Dr. Doom Warns Wall Street and Washington: Heed Karl Marx’s Warning!

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The floor of the New York Stock Exchange on Aug. 15, 2011 (Photo: Spencer Platt / Getty Images)

Karl Marx was wrong about socialism, but he wasn’t always wrong about capitalism. That’s the warning from Nouriel Roubini, the NYU economics professor known on Wall Street as “Dr. Doom” — but hailed as a prophet nonetheless — for having warned that an economy expanding on giddy optimism, asset bubbles and Ponzi scheme paper was headed for a crash, and for doing so at a time when the Washington–Wall Street–media consensus was that the fundamentals of the economy were sound.

But having danced on the grave of the Soviet economic system, which finally imploded in 1990, a U.S. corporate, political and media elite weaned on the shibboleths of free-market capitalism wasn’t about to embrace the jeremiads of a bearded 19th century German sage in whose name Lenin and then Stalin built their planned-economic nightmare.

Still, Marx knew a thing or two about capitalism that its boosters prefer to ignore, Roubini argues, and it’s time to face up to some harsh realities.

“Karl Marx, it seems, was partly right in arguing that globalization, financial intermediation run amok, and redistribution of income and wealth from labor to capital could lead capitalism to self-destruct (though his view that socialism would be better has proved wrong),” writes Roubini. “Firms are cutting jobs because there is not enough final demand. But cutting jobs reduces labor income, increases inequality, and reduces final demand.”

Anger at poverty, unemployment and despair is driving popular protest across the industrialized world, he notes, and “even the world’s middle classes are feeling the squeeze of falling incomes and opportunities.”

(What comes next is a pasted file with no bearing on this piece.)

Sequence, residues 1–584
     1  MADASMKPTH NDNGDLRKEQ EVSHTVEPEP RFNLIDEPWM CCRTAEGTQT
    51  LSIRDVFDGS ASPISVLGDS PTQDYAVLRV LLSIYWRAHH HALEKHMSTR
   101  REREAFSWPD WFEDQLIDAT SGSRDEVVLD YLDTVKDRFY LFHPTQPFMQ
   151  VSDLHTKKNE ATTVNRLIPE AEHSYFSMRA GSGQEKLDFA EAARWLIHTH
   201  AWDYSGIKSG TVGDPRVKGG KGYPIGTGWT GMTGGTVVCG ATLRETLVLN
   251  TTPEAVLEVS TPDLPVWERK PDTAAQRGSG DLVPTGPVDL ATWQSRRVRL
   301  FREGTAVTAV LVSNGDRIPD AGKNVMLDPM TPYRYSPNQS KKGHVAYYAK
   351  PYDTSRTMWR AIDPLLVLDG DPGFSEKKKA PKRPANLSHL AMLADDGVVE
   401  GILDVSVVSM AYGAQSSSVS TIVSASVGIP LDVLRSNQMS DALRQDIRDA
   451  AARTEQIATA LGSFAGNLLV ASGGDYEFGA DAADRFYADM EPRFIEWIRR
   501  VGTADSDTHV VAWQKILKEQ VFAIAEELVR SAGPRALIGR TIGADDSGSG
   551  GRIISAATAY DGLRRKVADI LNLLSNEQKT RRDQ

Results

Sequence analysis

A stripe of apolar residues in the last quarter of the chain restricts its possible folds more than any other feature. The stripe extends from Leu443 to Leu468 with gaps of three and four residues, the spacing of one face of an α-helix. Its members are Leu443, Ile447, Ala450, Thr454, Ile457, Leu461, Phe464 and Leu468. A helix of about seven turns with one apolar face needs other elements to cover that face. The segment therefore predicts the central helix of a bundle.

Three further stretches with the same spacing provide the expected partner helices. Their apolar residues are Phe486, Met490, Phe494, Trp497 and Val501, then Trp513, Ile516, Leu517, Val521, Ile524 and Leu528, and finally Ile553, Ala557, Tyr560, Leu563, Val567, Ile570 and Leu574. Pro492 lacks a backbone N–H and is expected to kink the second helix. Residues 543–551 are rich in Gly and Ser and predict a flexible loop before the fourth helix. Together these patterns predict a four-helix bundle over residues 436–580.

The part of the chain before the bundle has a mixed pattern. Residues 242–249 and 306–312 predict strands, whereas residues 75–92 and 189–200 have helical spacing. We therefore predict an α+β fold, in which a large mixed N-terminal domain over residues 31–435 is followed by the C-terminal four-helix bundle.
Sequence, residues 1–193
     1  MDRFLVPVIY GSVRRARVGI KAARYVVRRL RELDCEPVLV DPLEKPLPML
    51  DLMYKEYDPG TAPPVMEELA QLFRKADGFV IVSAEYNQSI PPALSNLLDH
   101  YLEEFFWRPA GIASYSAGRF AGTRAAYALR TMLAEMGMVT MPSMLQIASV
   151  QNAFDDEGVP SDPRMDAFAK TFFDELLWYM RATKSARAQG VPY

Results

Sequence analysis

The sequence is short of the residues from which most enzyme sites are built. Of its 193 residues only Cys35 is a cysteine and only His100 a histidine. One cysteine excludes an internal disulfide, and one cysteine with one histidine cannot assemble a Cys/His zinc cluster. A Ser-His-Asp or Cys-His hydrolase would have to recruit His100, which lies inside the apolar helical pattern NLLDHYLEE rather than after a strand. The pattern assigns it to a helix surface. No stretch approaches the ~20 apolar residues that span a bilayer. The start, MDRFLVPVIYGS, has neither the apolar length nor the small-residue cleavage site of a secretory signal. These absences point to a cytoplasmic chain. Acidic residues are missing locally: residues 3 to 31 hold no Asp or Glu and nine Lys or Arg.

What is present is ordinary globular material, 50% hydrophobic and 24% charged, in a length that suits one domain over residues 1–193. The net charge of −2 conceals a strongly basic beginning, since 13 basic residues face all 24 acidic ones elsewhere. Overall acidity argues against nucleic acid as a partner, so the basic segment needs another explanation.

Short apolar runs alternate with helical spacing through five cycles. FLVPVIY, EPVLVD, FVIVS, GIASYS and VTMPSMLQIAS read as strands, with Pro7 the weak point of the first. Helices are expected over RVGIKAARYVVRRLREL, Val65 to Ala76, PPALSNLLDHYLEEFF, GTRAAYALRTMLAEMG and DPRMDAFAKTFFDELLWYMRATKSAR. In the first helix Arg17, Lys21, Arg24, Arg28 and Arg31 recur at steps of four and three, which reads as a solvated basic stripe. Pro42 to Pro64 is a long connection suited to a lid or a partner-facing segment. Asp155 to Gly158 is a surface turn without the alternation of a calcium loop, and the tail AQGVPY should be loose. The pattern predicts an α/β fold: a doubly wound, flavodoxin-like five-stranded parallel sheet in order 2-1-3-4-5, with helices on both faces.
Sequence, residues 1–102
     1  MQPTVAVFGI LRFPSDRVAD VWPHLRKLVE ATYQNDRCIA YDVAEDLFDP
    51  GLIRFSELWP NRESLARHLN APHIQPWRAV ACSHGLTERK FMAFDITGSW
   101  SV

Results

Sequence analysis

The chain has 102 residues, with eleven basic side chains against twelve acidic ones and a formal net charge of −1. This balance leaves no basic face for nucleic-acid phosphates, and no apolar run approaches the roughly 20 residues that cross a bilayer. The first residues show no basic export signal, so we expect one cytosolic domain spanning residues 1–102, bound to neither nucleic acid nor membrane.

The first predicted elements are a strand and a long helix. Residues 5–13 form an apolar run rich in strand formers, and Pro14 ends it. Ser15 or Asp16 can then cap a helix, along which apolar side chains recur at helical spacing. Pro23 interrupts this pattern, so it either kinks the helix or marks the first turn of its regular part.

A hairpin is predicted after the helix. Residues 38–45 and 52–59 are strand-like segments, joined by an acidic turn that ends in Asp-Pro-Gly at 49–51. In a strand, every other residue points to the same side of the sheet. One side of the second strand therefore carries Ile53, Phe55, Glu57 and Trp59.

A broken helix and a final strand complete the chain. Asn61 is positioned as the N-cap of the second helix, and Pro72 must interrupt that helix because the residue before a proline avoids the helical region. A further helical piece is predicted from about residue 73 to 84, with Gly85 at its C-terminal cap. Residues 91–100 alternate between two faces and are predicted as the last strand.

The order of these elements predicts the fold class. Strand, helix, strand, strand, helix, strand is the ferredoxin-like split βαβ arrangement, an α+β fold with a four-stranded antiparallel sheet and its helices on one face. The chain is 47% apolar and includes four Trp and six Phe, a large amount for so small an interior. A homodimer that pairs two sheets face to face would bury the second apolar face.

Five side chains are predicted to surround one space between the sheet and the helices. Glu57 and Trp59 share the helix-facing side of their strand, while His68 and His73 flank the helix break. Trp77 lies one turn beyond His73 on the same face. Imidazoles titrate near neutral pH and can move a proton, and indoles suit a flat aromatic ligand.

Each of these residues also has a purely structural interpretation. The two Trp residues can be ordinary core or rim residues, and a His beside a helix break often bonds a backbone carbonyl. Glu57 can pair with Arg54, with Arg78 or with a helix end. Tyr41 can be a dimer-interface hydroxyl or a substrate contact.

Marx, to put it more simply than he himself ever did, saw capitalism’s market logic as producing recurring, ever more dangerous crises, precisely because of its tendency to channel most of the wealth produced in society into the pockets of a wealthy elite — and seeking to increase profits by cutting costs, i.e., the wage bill — leaving growing numbers of people no longer able to afford what was being produced, forcing a slowdown and contraction of the economy.

That sounds suspiciously like what we’re seeing in the U.S. and other Western economies now — an economic crisis rooted in low and diminishing demand. Even though the financial crisis was averted, the economy has remained effectively stagnant at best, as depressed U.S. demand creates a vicious cycle in which corporations see no point in expanding production (and creating new jobs) if consumers can’t afford to spend money and unemployment and poverty expands, further depressing demand.

The “greed is good” mantra may drive Wall Street, but greed can be bad for the wider capitalist economy. The depressed demand in the U.S. economy, for example, may be a product of decades of growing economic inequality. While real household incomes of working people have either remained largely static or fallen since the late 1970s, the rich have, to put it mildly, gotten a lot richer: incomes of the richest 1% have grown by more than 176% in the same period. Today 1 in 4 dollars earned in the U.S. accrues to just 1 in 100 Americans — or by a different measure, half of the income earned in the U.S. goes to just 1 in 5 Americans.